Submissions
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Submission Preparation Checklist

As part of the submission process, authors are required to check off their submission's compliance with all of the following items, and submissions may be returned to authors that do not adhere to these guidelines.
  • Manuscripts should be submitted in English;
  • As a general rule, manuscripts of major articles should be no longer than 7000 words;
  • Briefing notes should be between 1200 to 1500 words;
  • Book reviews must be in the range of 750 to 1000 words;
  • All manuscripts must be submitted in Word format (.docx), OpenOffice, or RTF document file format at jicw.org;
  • Manuscripts should conform to the Publication Manual of the American Psychological Association (APA Manual). All headings, subheadings, reference lists, etc., must follow the latest APA standards;
  • All submissions must include an abstract of 100-150 words setting out the intent, main objectives, as well as the results/conclusions of the work. These summaries should be placed immediately below the paper title, author and institutional affiliation;
  • Biographies of the first author and/or corresponding author within 150 words. This should include the name, rank, educational background, research field, etc.
  • The submission has not been previously published, nor is it before another journal for consideration (or an explanation has been provided in Comments to the Editor);
  • Where available, URLs and DOI's for the references have been provided;
  • The text is double-spaced; uses a 12-point font; employs italics, rather than underlining (except with URL addresses); and all illustrations, figures, and tables are placed within the text at the appropriate points, rather than at the end.
  • The text adheres to the stylistic and bibliographic requirements outlined in the Author Guidelines.

Author Guidelines

Submissions must adere to the following formatting standards:

Format: Authors are required to follow the Publication Manual of the American Psychological Association (APA Manual). All headings, subheadings, reference lists, etc., must follow the latest APA standards

Abstract included: 100-150 words setting out the intent, main objectives, as well as the results/conclusions of the work. These summaries should be placed immediately below the paper title, author and institutional affiliation

Author Biography: Biographies of the first author and/or corresponding author within 150 words. This should include the name, rank, educational background, research field, etc.

General Guidelines:

The Journal for Intelligence, Conflict, and Warfare has a preference for submissions with a clearly defined security problem, clearly defined arguments, and a full discussion of counter arguments. We welcome pieces from all security perspectives, but we have a preference for submissions from a non-traditional perspective.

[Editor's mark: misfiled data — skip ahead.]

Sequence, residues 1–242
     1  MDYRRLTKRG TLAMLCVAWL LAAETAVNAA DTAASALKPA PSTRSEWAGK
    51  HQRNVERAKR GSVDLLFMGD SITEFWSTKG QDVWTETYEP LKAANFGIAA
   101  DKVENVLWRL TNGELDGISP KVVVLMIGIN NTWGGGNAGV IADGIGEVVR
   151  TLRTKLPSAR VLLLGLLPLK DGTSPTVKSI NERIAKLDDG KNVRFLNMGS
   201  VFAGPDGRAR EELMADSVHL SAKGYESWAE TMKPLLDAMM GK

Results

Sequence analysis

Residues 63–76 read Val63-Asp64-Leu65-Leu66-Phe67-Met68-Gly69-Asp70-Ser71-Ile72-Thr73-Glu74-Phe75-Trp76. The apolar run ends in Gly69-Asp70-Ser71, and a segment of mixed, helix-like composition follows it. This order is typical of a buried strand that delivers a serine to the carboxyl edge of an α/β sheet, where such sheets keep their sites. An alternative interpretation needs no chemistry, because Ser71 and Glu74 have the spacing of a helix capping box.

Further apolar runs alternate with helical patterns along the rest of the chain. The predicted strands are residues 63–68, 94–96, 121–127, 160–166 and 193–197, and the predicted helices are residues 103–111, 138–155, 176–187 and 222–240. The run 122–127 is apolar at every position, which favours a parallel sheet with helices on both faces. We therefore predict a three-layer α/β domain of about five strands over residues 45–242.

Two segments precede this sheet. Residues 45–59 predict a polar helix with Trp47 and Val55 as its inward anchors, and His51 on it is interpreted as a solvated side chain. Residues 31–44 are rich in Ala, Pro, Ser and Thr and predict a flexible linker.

Length Format:

Briefing Note: 1200-1800 words

Article: max. 7000 words

Book Review: 750-1000 words

 

Briefing Note Guidelines:

1Purpose Statement

 This  provides an overview of why the BN is required. It defines (role and purpose) any actions that need to be taken to address a security problem

2. The Security Problem

 The security problem must be clearly defined.

 (Ex If there was a riot what was the role and purpose or intention of the riot. In this way we distinguish between describing acts or actions which occurred (the immediate cause) and defining the act. What is the immediate cause? Why is this a problem? Who is it a problem to? What are the underlying causes which are expressed in the form of the immediate cause, immediate actions or immediate events?)

3. Background and Key Facts

A brief summary of the background, how we came to need this BN. Good Background presents two perspectives that of the referent object and subject

4. Implications

 They should be concise

5Alternative perspectives

Community impact assessments on the affected community are a good way of representing potential alternative perspectives.

6. What is not known

What information is missing or needed?

7. Next steps

To obtain required missing information

8. Available options

Consider the following options or sub-options:

9. Recommendation and Justification

Book Review Guidelines:

The book's contents should be concisely stated, and majority of the review should be dedicated to the assessment of the book's strengths and weaknesses. Rather than an in-depth listing of what is found in each of the book's chapters, the reviewer should emphasize what is most significant in the volume, the adequacy of the methods deployed, and the overall worth of the text. The issues addressed in the review could include some of the following:

What are the origins of the text? How did it come to be produced?

What is the book generally about? What is the intent of the author in writing the book (e.g., scholarship, entertainment, political partisanship, etc.)?

What theory is employed, if any?

Is the author's perspective critical?

What is the line of argument?

What evidence is used? Is it timely? Credible?

How is the material organized and structured?

To what extent does the author achieve his/her goals?

Is the standpoint appropriate to the intentions and the subject matter?

Do the steps in the argument follow logically?

Are there hidden assumptions? Biases?

Are the claims following from the argument well supported by evidence?

Is the work generally persuasive? Why or why not?

Is the work generally consistent (i.e., are there contradictions)?

To what extent does the book make a scholarly, academic, and/or substantive contribution?

 

 

 

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